From law student to partner in less than 12 months

Foster: Transferable skills

A trainee chartered legal executive has spoken about how she is due to become a partner in a law firm less than 12 months after finishing her law degree.

Natalie Foster, currently head of commercial at North Yorkshire Law (NYL) Solicitors, said her skills as a business manager at Barclays Bank were the reason why she had been offered partnership.

She will become a non-lawyer partner of NYL in April, after it became an alternative business structure this month.

“I don’t think anyone could have expected when I signed up for my law degree that four years later I would be helping run a business.

“When you’re running a business, you need to think commercially. You need to look at the costs, the brand and the business plan. All those skills are transferable, which is why I was offered the partnership.”

Ms Foster said she studied law at A-level in Scarborough before becoming a business manager at Barclays Bank for seven years. After having children, she started a degree in law and practice at the Scarborough campus of Coventry University.

During her second year, she sent her CV to regional law firms and secured part-time work as a legal assistant in the family law department of NYL Solicitors.

The following year she moved to the commercial work, where she was supervised by managing partner Richard Boyd.

“In the final year of my law degree, I was evolving into a paralegal, operating my own cases and doing my own drafting. All my old contacts got back in touch.”

Ms Foster finished her law degree last summer and became a full-time paralegal and CILEx affiliate while studying for her diploma, which she hopes to complete this summer.

She said that, following “unofficial business meetings” with Mr Boyd, she helped plan the law firm’s rebrand last autumn.

As head of commercial, Ms Foster manages a team of three solicitors, two trainee legal executives, three assistants and a paralegal.

NYL, based in Scarborough and Whitby, opened an office in York in December, and plans to move its ‘hub’ this year from Scarborough to York.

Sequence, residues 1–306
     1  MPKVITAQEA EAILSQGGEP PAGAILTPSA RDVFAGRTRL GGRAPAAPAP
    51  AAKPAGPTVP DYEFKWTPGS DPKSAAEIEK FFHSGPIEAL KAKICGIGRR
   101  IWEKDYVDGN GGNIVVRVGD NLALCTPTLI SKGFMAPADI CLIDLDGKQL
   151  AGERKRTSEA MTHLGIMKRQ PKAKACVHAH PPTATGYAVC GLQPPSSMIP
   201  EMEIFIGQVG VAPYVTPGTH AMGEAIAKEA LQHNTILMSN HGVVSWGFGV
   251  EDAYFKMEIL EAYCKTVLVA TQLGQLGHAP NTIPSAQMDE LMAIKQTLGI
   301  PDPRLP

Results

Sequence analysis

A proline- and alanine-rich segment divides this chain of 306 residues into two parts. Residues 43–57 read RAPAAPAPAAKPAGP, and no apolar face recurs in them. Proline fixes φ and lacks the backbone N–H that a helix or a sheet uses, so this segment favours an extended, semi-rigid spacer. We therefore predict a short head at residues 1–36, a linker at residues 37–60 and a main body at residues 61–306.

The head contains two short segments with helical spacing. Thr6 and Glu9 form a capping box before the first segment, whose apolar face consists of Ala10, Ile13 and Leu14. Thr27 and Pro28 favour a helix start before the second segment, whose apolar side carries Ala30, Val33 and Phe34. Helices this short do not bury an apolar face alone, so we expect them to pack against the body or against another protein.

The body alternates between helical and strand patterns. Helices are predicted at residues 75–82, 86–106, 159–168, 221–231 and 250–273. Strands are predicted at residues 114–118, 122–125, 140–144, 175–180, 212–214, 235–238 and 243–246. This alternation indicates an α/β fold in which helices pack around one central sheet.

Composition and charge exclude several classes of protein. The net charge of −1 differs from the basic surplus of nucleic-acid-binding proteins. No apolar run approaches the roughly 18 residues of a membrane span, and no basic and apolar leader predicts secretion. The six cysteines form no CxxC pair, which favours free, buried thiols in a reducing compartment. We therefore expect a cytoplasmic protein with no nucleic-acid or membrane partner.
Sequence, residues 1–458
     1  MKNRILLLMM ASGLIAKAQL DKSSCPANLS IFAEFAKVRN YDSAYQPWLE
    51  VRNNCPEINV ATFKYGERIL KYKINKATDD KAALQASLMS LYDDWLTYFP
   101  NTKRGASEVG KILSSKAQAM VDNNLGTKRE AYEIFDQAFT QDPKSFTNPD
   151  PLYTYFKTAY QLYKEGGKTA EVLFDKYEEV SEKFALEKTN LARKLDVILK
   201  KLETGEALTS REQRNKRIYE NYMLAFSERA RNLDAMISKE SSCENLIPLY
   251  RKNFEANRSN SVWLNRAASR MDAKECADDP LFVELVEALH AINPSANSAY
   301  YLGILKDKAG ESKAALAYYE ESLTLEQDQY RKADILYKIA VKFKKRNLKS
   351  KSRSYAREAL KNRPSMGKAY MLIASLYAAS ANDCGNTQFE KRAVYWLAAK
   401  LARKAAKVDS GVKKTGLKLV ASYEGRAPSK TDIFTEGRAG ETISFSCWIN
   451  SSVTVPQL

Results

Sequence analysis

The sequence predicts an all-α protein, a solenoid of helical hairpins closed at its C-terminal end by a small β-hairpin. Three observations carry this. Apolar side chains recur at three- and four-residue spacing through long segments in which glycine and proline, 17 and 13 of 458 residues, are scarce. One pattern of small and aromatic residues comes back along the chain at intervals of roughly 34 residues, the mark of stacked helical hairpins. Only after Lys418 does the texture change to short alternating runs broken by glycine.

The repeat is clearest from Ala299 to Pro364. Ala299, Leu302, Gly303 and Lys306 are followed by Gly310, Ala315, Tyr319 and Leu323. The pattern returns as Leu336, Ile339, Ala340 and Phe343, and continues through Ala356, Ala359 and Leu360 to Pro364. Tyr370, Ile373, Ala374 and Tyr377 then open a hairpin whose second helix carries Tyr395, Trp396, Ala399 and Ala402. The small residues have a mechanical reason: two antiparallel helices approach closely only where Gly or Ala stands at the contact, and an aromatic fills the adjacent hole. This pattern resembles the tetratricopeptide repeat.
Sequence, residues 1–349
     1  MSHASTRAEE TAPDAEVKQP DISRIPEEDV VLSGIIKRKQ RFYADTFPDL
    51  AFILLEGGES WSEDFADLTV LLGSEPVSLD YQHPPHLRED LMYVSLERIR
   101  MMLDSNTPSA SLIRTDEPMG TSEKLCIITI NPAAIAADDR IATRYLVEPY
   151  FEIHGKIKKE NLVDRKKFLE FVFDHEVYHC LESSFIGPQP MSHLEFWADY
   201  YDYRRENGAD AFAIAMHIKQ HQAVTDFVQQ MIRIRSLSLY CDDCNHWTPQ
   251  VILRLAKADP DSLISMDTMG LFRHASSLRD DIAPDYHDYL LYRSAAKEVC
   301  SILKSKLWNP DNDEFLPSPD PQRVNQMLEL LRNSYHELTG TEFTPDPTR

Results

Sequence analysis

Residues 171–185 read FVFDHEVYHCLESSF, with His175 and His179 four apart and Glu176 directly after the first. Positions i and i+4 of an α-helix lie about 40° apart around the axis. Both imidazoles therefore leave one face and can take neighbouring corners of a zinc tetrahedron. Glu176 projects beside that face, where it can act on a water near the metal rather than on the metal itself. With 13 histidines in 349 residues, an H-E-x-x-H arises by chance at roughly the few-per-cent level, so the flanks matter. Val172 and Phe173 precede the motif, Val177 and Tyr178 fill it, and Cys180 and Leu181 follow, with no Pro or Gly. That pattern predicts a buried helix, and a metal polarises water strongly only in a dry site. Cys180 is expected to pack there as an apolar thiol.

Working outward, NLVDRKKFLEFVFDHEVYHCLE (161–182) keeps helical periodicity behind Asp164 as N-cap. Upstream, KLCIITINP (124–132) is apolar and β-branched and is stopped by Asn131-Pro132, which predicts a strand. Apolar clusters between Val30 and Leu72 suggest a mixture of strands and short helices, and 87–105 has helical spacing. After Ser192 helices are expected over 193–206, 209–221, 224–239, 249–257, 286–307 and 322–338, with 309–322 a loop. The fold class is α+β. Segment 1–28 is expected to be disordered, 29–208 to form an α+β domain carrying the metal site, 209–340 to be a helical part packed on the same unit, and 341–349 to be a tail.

Ms Foster said revenue at the firm had grown by around 10% in the calendar year 2017, but in the course of 2018 grew by 25%.

She said she had helped recruit eight new staff and two trainees started work in September last year – the first for eight years.

Ms Foster said that rather than opening any more offices this year, the firm would invest in its case management system, and in developing online conveyancing and wills.

“It’s mainly about getting the right people into the firm, raising the profile and improving client care.”

She added: “The idea of solicitors stuck in their ivory towers has gone. Without a doubt our consumers are digital. Firms need to invest in systems that allow clients to trace matters, even when they’re on holiday.”

Leave a Comment

By clicking Submit you consent to Legal Futures storing your personal data and confirm you have read our Privacy Policy and section 5 of our Terms & Conditions which deals with user-generated content. All comments will be moderated before posting.

Required fields are marked *
Email address will not be published.

This site uses Akismet to reduce spam. Learn how your comment data is processed.


Buyers beware

Some 12 years on from its first published research, the Society of Trust & Estate Practitioners has published a new report: Wills and Trusts – Buyers Beware.

European invasion – firms flood into the EU’s legal markets

The long march of lawyers across Europe continues apace more than 50 years after US law firms, together with their City counterparts, first opened offices in Paris and Brussels.

Legal project management – a mindset lawyers can easily apply

Where budgets are tight, lawyers will be considering what’s in their existing arsenal to still improve productivity. One effective, accessible and cheap tool is legal project management.

Loading animation